They just don’t make crosses like they used to


Two thousand years ago, the Roman hand-crafted them out of real wood—rugged, solid, durable—stained with natural colors. Awe and respect were felt for the manufacturers of these creations.

But like many products, most crosses today are machine-made and mass-produced by managers who look only at the bottom line of numbers and dollars. Solid, rough wood has been replaced by polished veneer in walnut, oak or cherry—coordinated of course, to match the padded pews.

For a more contemporary look, there are polished aluminum, Plexiglass, and fiberglass designs in decorator colors. Who can forget the plastic glow-in-the-dark crosses awarded for Sunday school promotions?

Even mail-order jewelry catalogs features “dignified yet richly designed in 24k gold-filled or sterling silver, with matching venetian box link chains. Perfect for baptisms, communion, or wedding gift.” One offers “the tranquility of this beautiful platinum-plated cross.” Another promises “a gold electro-plated cross with a micro-dot of the entire Bible in the center so you can have the peace of God’s Word near you throughout the day.”

They just don’t make crosses like they used to.

When Christ told his disciples to take up their crosses and follow him, he wasn’t talking about 24-karat jewelry. He had in mind a rough beam, splintered and stained with sweat, blood, and drugged wine. No wonder the idea caused Peter to “rebuke” the Lord for such a statement. That’s why Paul called the cross a “stumbling block to Jews and foolishness to Gentiles” (1 Corinthians 1:23).

And so the organized church began to sand off the rough, irritating edges. The old stains were stripped away. The cross needed “improved marketing” and better “packaging.” Two thousand years later, the cross has been so well “repositioned” that it’s now available in the most elegant jewelry stores and worn by the most respectable and fashionable of socialites.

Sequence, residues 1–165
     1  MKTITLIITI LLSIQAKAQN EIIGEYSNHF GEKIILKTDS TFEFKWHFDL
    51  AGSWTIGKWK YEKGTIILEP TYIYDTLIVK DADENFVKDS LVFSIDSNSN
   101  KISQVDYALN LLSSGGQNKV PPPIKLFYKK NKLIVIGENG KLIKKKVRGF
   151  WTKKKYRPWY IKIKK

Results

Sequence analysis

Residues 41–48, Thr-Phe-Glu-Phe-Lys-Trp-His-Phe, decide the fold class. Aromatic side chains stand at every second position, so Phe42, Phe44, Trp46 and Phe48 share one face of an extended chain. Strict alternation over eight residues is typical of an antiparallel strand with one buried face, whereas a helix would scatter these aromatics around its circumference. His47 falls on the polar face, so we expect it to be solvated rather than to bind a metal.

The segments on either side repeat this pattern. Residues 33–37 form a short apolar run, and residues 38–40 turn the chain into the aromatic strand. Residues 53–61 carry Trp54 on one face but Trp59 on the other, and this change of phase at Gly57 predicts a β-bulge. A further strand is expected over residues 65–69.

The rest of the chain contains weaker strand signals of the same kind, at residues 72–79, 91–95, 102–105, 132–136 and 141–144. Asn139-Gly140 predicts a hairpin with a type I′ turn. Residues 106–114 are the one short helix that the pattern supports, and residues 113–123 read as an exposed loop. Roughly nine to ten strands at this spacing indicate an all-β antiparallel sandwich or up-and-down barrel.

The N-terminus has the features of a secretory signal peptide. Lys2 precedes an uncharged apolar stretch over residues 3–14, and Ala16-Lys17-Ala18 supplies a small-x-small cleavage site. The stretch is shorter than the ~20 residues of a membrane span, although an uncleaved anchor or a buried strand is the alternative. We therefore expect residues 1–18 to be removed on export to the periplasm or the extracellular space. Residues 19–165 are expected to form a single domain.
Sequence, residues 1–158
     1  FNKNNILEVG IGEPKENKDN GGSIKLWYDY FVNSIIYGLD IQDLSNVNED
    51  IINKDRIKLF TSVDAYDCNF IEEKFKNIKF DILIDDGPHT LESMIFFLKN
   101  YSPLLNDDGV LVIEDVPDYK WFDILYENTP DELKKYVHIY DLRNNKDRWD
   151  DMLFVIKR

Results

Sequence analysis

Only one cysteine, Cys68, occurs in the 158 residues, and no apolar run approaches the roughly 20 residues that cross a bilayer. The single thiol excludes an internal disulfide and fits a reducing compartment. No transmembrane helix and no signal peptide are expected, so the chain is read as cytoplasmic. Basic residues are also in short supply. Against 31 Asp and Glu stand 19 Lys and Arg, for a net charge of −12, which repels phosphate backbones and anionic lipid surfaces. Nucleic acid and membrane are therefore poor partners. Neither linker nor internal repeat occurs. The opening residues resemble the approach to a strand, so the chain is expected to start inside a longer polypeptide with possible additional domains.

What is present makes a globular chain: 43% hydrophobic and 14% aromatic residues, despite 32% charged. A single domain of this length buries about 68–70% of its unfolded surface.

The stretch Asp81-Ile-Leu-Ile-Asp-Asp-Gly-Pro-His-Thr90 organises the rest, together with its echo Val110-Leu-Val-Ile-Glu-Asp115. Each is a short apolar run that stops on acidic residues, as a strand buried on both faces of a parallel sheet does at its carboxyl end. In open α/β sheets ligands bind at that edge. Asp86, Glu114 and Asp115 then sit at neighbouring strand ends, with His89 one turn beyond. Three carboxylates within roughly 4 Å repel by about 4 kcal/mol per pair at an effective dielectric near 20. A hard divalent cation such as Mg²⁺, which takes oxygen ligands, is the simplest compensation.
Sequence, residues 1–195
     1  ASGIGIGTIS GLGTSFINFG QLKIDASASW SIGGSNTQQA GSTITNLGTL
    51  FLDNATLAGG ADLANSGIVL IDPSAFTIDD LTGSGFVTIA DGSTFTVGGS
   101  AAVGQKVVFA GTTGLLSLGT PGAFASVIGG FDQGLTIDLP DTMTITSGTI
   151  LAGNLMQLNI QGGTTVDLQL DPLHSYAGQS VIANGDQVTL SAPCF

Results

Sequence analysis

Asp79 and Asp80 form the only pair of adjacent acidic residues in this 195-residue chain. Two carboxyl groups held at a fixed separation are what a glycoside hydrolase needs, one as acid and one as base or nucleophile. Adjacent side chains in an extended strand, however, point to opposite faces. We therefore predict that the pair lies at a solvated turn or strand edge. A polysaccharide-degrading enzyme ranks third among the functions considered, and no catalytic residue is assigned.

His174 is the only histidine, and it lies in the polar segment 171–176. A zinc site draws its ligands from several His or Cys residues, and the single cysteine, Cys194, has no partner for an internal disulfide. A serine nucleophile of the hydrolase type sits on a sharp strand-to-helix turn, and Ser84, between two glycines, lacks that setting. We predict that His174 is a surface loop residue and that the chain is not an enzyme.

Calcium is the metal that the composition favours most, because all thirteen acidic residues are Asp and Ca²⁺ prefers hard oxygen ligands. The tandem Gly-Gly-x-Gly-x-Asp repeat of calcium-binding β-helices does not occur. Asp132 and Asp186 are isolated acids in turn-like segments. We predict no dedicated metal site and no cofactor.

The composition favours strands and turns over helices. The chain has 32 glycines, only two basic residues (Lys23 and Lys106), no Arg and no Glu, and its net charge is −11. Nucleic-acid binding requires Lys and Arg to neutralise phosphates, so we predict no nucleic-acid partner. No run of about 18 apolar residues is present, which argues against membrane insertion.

But in doing so, has the cross of Christ been emptied of its power? Has this instrument of death been re-fashioned into a beautiful wall hanging or piece of costume jewelry? And have it followers also become only thin veneer? Have souls become lacquered with coats of high gloss varnish so the blood, living water, and new wine rarely penetrate the exterior?

They just don’t make crosses like they used to.

Christ is not asking us to take up a glow-in-the-dark sense of peace and security. He is not asking us to deny ourselves fifty dollars to purchase “the tranquility of this beautiful platinum-plated cross.”

Christ’s cross is heavy, rough, with the smell of blood and death. But with its weight, burdens are lifted. With its bloody stains, souls are purified. With its splinters, consciences are pricked so we might to smoothed and shaped into his likeness. This deadly device brings new life!

They do make crosses like they used in Spearfish, South Dakota.

A visitor to the famous passion play there asked to see the cross after a performance. He was shocked at the weight. “I thought it would be hollow.”

The actor portraying the Lord replied, “I must feel the weight of the cross to act like Christ.”

Maybe they do make crosses like they used to.

Copyright © 1988 James N. Watkins

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